Track 16: Bill VanWagoner, LADWP
Owens Lake was dry by 1926 due to the diversion of the Owens River into the Los Angeles Aqueduct in 1913. Shortly thereafter severe alkali dust storms arising from the 100 square-mile dry lakebed began to plague the region—as much as four million tons of dust per year has been reported to have traveled as far as San Bernardino and other southern locations. 
By the 1980s, national air pollution standards were set by the EPA for windblown particulate matter ten microns in diameter or less (PM-10) usually associated with dust, smoke, and haze resulting from natural fires, motor vehicles, industry, or agriculture practices. Owens Lake is considered to be the largest single source of PM-10 in the nation.
With the passing of California Health and Safety Code 42316, a series of negotiations with the Great Basin Unified Air Pollution Control District (GBUAPCD) resulted in late 1990s. The City of Los Angeles and GBUAPCD entered into a Memorandum of Agreement (MOA) in July 1998 requiring that dust control mitigation measures designed to meet state and federal air quality standards were in place by the mid-2000s. It was agreed that LADWP would remediate 40 square-miles of the dry Owens lakebed—initiating the largest dust control project of its kind in North America.
Although the MOA did not require LADWP to rewater Owens Lake, it did stipulate that the department needed to begin trials of three approved dust control remediation strategies; shallow flooding, managed vegetation, and gravel or other approved “reasonable measures.”
Shallow flooding with bubblers or sprinkler systems was the first dust control method implemented when testing on the lakebed began in 2001. A positive by-product of the flooding was the creation of marsh and shallow lake habitat for birds and other wildlife. Although flooding is an obvious choice for dust abatement, it is costly and uses a lot of water—LADWP claims that up to 95,000 acre-feet of water per year is currently used in Owens Lake remediation efforts, which it states is equal to the entire annual water supply for the city of San Francisco. Of course, returning water to the lakebed inherently goes against LADWP’s ultimate mission—to deliver water and power from the Eastern Sierra to the city of Los Angeles.
Managed vegetation involving the planting of native grasses and other rhizomes to control dust emissions is the second control method. This technique has been successful at some locations but only works where soil and drainage conditions are optimum. In contrast to shallow flooding, this method uses a third of the water to implement.
The third method involves the spreading of large swaths of gravel four inches thick on a type of industrial fabric. This particular approach has been difficult to gain approval for use, as it fails to provide any viable habitat for wildlife. Gravel is also terribly expensive—it costs $30 million to apply one square-mile onto the lakebed and presents its own set of problems; heavy machinery used to move the gravel has sank into the unstable lakebed in the past.  Still, gravel has been used on 1.4 square-miles of the lakebed to date.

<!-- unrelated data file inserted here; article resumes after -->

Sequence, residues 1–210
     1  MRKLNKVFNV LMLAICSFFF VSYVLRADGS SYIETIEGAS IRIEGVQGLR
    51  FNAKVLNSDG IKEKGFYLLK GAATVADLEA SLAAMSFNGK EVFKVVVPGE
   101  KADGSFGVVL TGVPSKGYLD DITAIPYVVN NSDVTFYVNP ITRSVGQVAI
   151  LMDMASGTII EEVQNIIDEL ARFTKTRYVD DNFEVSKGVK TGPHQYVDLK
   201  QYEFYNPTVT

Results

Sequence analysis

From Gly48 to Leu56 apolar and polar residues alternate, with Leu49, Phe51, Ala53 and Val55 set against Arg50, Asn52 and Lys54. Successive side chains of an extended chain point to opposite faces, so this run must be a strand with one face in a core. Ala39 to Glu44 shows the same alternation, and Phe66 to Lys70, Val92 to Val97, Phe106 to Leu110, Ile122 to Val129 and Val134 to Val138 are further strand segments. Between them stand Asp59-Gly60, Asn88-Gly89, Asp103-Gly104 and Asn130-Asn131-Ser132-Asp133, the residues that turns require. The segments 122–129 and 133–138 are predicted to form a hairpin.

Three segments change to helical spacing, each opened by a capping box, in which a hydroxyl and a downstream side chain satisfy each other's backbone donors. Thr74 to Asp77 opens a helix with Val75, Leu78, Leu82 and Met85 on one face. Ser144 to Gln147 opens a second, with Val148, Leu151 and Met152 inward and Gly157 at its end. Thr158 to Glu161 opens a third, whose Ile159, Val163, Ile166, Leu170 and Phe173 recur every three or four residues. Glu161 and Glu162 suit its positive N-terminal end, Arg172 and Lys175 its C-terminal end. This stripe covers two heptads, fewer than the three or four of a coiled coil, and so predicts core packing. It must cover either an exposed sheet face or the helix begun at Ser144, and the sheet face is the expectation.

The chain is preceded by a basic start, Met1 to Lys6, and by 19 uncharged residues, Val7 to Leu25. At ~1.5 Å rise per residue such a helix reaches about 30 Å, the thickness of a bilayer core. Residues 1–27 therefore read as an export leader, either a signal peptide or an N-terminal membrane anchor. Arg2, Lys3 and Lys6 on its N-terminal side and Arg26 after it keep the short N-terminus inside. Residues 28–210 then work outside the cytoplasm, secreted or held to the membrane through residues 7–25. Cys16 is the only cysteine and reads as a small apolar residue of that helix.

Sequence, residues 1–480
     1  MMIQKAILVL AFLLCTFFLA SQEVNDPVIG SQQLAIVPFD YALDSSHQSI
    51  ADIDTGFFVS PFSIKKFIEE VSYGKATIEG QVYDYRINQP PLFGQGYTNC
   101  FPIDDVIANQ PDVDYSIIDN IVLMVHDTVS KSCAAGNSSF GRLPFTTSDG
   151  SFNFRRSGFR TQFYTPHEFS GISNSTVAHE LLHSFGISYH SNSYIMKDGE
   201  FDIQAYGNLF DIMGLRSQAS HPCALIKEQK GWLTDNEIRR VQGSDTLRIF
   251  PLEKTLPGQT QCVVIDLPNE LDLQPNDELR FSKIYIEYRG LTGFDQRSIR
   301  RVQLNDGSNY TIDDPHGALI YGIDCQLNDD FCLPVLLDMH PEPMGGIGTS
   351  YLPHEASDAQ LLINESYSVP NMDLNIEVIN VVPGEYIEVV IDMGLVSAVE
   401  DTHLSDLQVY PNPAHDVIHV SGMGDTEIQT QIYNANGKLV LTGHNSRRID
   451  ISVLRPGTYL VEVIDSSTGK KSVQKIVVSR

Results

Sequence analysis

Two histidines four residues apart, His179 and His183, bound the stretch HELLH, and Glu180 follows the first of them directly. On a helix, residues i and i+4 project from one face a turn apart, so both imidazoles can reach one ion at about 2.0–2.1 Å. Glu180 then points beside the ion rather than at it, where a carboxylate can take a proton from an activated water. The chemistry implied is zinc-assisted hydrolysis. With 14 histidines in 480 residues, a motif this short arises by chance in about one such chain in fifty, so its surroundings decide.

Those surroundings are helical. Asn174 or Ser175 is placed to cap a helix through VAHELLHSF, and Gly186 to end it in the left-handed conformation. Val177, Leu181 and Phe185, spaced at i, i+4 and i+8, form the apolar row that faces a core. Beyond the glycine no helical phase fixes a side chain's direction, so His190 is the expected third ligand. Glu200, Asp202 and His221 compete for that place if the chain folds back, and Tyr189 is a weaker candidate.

One of the mitigation methods proposed by LADWP that failed miserably was a “moat & row” plan which attempted to create staggered “speed bumps” of tilled dirt with the purpose to slow wind erosion leading to dust storms. The California State Lands Commission, which owns the entire lakebed ultimately ended up turning down this proposal.
VanWagoner stated in his interview that the department has spent up to 1.2 billion dollars on the Owens Lake remediation project, which includes construction, operation, and maintenance of the mitigation measures as well as the cost of the city’s replacement water that must be purchased from other sources such as the Metropolitan Water District.
In recent news, an attorney for LADWP announced that it is ‘done’ with furthering its dust mitigation efforts on Owens Lake. A news release dated on February 23rd, 2012 stated that the department plans to fulfill and maintain its current remediation obligations but will basically fight any additional future mitigation measures brought to court by GBUAPCD or other entities. The release also stated its concern over how “less water-intensive control measures approved has proved unnecessarily difficult, if not impossible” suggesting that LADWP will continue to fight aggressively to provide far less water to this project in the future.
 Molly Peterson, “Owens Lake dust kicks up questions about DWP’s eastern Sierra efforts,” 89.3 KPCC: Southern California Radio, December 12, 2010.
 Great Basin Unified Air Pollution Control District website: http://www.gbuapcd.org/Information/OwensLakeParticulateMatterHealthEffects.htm. Last accessed on 9/17/12.
 Interview with William VanWagoner, Manager of the Owens Lake Dust Mitigation Program on 8/17/12.
 Molly Peterson, “LADWP says Owens Lake’s ‘Owengeti’ could suggest new modes for dust control,” 89.3 KPCC: Southern California Radio, June 15, 2012.
 Mike Gervais, “DWP tells state board it’s ‘done’ at Owens Lake,” The Inyo Register, June 25, 2012.